Huntington’s and Alzheimer’s are neurodegenerative diseases that sometimes wreck the brain structures required for sound judgment and self-awareness. Because of this, law-abiding citizens who develop these disorders may stray into the danger zone, a new study finds. While no one would describe them as leading a life of crime exactly, patients may begin to behave as common criminals, stealing, trespassing, and urinating in public as they wish.

For the current study, a team of researchers led by Dr. Madeleine Liljegren of Lund University and Dr. Georges Naasan of UC San Francisco investigated the frequency and type of criminal behavior among patients diagnosed with some kind of dementia disorder.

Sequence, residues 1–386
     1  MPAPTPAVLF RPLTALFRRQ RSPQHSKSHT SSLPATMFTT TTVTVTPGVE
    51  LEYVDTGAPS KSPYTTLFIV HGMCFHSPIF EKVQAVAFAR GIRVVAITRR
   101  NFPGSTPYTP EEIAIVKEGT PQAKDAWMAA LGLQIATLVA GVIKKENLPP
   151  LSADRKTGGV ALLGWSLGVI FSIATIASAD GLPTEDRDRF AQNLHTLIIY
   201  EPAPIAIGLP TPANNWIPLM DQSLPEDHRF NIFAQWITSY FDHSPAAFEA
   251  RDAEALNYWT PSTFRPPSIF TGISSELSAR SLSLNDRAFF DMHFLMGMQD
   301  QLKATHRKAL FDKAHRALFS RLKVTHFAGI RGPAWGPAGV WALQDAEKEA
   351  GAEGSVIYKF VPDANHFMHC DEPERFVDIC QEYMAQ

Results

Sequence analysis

In particular, they reviewed and examined the medical records of 2,397 patients who were seen at UC San Francisco’s Memory and Aging Center between 1999 and 2012. Of these patients, 545 had Alzheimer’s, 171 had frontotemporal dementia (causing personality changes), 89 had a variation of primary progressive aphasia (causing language declines), and 30 had Huntington’s.

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